Incidences: Lower Bounds (part 7)

In this post we continue our survey of the known lower bounds for incidence problems (click here for the previous post in the series). In the current post we finally start discussing incidences with objects of dimension larger than one. The simplest such case seems to be incidences with unit spheres in {\mathbb R}^3  (i.e., spheres of radius one). We present two rather different constructions for this case. I am not aware of any paper that describes either of these constructions, and they appear to be folklore. If you are aware of a relevant reference, I will be happy to hear about it.

First construction: Inverse gnomonic projection. Our first construction is based on lower bounds for the Szemerédi-Trotter problem (e.g., see the first two posts of this series). It shows that m  points and n  unit spheres in {\mathbb R}^3  can yield \Omega(m^{2/3}n^{2/3}+m+n)  incidences.

For the requested values of m  and n  , consider a set \cal P  of m  points and a set \cal L  of n  lines, both in {\mathbb R}^2  and with I({\cal P},{\cal L})=\Theta(m^{2/3}n^{2/3}+m+n)  . We place this plane as the xy  -plane in {\mathbb R}^3  . We then perform an inverse gnomonic projection that takes \cal P  and \cal L  to a sphere in {\mathbb R}^3  , as follows. We set p=(0,0,1/\sqrt{2})  and denote by S  the sphere that is centered p  and is of radius 1/\sqrt{2}  . Notice that S  is tangent to the xy  -plane at the origin. The inverse projection takes a point q  in the xy  -plane to the intersection point of the line segment pq  and S  . One can easily verify that this mapping is a bijection between the xy  -plane and the lower half of S  ; e.g., see the following figure.


In the above map, every line \ell\in {\cal L}  is mapped to the bottom half of a great circle c_\ell  of S  . Consider such a half circle c_\ell  and denote by r_\ell  the line that is incident to p  and orthogonal to the plane that contains c_\ell  . We denote by p_\ell  an arbitrary intersection point of r_\ell  and S  . That is, if we consider c_\ell  to be the equator of S  then p_\ell  is one of the poles; e.g., see the following figure.


The important observation here is that the distance between p_\ell  and any point on c_\ell  is 1  (see the following figure depicting half of c_\ell  ). That is, if S_\ell  is the sphere of radius 1  around p_\ell  , then c_\ell \subset S_\ell  .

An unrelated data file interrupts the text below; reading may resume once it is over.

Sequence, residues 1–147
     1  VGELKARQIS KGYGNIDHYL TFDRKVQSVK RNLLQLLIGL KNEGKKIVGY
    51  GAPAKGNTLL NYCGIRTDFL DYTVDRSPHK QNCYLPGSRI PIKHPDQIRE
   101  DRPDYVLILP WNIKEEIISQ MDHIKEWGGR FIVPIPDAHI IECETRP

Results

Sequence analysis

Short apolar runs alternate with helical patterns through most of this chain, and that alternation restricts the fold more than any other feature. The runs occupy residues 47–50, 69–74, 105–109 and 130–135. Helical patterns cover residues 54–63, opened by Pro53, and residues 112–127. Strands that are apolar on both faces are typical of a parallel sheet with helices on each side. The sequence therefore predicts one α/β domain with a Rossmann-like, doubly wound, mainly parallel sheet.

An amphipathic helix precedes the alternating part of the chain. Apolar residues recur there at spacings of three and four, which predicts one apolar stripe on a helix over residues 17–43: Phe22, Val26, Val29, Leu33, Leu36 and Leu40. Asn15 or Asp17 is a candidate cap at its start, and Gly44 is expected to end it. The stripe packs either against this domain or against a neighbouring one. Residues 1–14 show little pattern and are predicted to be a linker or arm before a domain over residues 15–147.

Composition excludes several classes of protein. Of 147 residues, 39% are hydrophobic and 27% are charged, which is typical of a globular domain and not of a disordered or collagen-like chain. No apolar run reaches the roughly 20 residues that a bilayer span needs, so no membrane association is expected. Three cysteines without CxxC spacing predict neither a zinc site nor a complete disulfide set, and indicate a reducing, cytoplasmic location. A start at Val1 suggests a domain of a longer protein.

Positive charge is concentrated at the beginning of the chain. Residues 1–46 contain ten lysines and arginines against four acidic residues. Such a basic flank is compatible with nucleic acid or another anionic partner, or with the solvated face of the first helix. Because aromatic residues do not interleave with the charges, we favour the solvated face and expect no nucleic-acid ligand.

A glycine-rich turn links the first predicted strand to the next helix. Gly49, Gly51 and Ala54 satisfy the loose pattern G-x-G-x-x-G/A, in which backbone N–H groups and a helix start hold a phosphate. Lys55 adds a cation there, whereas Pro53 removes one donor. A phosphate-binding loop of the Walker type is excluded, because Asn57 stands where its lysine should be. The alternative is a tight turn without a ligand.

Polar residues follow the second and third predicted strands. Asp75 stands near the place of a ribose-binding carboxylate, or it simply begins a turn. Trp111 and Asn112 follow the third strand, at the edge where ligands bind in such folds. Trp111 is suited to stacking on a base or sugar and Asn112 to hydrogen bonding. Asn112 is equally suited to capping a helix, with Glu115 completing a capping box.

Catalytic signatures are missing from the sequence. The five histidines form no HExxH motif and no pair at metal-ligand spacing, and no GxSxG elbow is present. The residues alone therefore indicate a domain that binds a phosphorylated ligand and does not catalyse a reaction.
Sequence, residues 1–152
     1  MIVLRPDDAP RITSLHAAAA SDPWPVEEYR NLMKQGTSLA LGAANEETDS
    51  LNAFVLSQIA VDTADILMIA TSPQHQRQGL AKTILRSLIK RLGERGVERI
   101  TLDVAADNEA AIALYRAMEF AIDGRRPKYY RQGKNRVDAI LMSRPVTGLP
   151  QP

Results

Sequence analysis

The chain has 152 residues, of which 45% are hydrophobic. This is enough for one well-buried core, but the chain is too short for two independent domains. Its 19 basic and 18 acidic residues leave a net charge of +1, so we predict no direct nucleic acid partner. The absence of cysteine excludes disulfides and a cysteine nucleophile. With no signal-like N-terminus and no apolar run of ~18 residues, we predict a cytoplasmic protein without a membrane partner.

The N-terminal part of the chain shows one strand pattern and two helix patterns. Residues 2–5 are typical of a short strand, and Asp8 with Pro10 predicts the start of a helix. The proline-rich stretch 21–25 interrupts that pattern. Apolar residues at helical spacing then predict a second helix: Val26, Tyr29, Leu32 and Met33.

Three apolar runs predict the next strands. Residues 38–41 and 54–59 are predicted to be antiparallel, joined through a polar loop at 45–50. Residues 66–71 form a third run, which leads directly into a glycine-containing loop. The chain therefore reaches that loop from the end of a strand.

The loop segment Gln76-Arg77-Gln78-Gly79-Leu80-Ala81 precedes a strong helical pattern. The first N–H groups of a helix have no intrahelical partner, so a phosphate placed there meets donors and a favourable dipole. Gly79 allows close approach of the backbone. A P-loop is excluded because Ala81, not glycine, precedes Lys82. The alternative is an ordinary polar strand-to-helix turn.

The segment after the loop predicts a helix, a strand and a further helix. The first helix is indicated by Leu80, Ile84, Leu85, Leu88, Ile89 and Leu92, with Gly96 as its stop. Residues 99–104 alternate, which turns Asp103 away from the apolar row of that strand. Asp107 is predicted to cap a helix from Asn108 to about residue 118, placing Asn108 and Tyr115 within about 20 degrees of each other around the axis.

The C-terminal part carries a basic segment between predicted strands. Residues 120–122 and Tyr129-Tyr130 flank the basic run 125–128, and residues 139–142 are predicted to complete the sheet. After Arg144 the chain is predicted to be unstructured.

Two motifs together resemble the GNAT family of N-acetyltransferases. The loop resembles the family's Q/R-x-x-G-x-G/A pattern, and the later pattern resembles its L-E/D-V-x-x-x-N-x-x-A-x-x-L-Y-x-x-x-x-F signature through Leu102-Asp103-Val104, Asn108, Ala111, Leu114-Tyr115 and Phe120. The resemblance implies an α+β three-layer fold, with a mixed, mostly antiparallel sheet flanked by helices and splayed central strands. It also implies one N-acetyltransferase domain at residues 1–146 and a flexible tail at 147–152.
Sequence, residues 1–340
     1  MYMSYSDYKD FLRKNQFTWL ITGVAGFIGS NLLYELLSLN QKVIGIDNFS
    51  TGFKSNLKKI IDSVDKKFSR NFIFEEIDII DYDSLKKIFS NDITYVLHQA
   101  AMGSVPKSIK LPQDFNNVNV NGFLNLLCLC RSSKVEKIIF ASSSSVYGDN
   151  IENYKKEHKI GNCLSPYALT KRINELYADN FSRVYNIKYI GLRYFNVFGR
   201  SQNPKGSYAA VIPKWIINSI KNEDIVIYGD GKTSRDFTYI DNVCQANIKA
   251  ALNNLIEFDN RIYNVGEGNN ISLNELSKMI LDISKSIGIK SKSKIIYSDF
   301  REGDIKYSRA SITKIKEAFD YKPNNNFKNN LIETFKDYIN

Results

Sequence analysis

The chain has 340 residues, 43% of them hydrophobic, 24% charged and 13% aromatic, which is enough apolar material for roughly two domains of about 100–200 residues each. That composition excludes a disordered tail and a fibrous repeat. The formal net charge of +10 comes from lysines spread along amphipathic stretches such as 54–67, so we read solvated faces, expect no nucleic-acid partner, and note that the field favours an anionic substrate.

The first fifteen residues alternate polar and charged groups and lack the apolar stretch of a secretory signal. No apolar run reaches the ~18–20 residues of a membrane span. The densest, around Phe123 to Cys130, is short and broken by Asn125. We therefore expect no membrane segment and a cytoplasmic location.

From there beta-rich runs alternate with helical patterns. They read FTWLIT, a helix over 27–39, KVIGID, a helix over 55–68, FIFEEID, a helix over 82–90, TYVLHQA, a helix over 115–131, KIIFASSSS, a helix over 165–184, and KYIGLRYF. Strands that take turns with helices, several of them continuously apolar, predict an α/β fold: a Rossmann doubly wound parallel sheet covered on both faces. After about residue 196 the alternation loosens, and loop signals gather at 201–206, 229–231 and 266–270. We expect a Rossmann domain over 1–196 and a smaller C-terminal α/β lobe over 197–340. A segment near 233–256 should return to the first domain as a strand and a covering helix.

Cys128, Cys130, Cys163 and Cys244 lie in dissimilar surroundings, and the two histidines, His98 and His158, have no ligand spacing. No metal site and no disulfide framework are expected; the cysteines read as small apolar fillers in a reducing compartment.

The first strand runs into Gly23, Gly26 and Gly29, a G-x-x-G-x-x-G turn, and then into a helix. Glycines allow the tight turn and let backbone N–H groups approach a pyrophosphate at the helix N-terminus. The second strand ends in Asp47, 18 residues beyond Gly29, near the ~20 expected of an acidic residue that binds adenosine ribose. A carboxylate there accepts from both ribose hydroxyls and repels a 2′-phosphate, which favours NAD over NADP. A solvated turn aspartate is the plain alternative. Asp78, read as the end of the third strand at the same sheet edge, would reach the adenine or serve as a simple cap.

Let {\cal P}'  denote the set of the projections of the points on \cal P  on S  , and set {\cal S} = \{S_\ell :\, \ell\in {\cal L}\}  . By the above, a point p'\in {\cal P}'  is incident to a sphere S_\ell  if and only if \ell  is incident to the point of \cal P  that yielded p'  . Thus, we have a set {\cal P}'  of m  points and a set \cal S  of n  unit spheres, such that I({\cal P}',{\cal S})=I({\cal P},{\cal L})=\Theta(m^{2/3}n^{2/3}+m+n)  .

Second construction: A square lattice. Our second construction considers the case of n  points and n  unit spheres and yields the slightly improved bound of \Theta(n^{4/3}\log\log n)  incidences. The case where the number of points is equivalent to the number of spheres is arguably the most interesting one, since it is equivalent to the {\mathbb R}^3  variant of the unit distances problem. The following construction was mentioned briefly and without any details by Erdős. Erdős derived the straightforward bound \Theta(n^{4/3})  and only added “From deep number theoretic results it follows that for suitable r  the same distance occurs more than c n^{4/3} \log\log n  times.” We now hopefully recreate the argument that Erdős had in mind (with the help of “Lucia” and “GH from MO” from Mathoverflow).

A primitive solution to the equation x^2+y^2+z^2=n  (where x,y,z,n\in {\cal\mathbb Z}  and n  is fixed) is one where \gcd(x,y,z)=1  . In the following theorem, when writing \left(\frac{a}{b}\right)  we refer to the Kronecker symbol rather than to division. For a proof of this theorem, see for example Theorem 4 of Chapter 4 in Grosswald’s “Representations of integers as sums of squares”.

Theorem 1.The number of primitive solutions to x^2 + y^2 + z^2 = n  is

\frac{A}{\pi}\sqrt{n}\sum_{m=1}^\infty \left(\frac{-4n}{m} \right)m^{-1},

\text{ where } A = \left\{    \begin{array}{ll}     0 & \text{ if } n \equiv 0,4,7 \mod 8, \\     16 & \text{ if } n \equiv 3 \mod 8, \\     24 & \text{ if } n \equiv 1,2,5,6 \mod 8.    \end{array}  \right.

There exist infinitely many values of n  that satisfy \sum_{m=1}^\infty \left(\frac{-4n}{m} \right)m^{-1} = \Omega(\log \log n)  (e.g., see Theorem 5b of Granville and Soundararajan). Littlewood showed that under the generalized Riemann hypothesis this bound is tight. Combining this with Theorem 1 implies that there are infinitely many n  ‘s with \Omega(\sqrt{n}\log\log n)  representations as x^2 + y^2 + z^2  (the argument of Granville and Soundararajan remains valid when considering only values of n  in an arithmetic progression such as n \equiv 3 \mod 8  ).

Consider an n^{1/3}\times n^{1/3}\times n^{1/3}  integer lattice \cal P  in {\mathbb R}^3  that contains the origin, and a sphere S  of radius d  that is centered at the origin. Every point of \cal P  that is incident to S  corresponds to a representation of d^2  as x^2 + y^2 + z^2  . Thus, by the above there are infinitely many values of n  with a sphere that contains \Omega(n^{1/3}\log \log n)  points of \cal P  . We perform a uniform scaling of {\mathbb R}^3  such that the radius of this sphere decreases to 1  . Finally, we place a sphere of radius 1  around every point of \cal P  , and denote by \cal S  the set of these n  unit spheres. Since each sphere of \cal S  contains \Omega(n^{1/3}\log \log n)  points of \cal P  , we have I({\cal P}, {\cal S})=\Omega(n^{4/3}\log \log n)  , as required.

One thought on “Incidences: Lower Bounds (part 7)

  1. Pingback: Incidences: Lower Bounds (part 8) | Some Plane Truths

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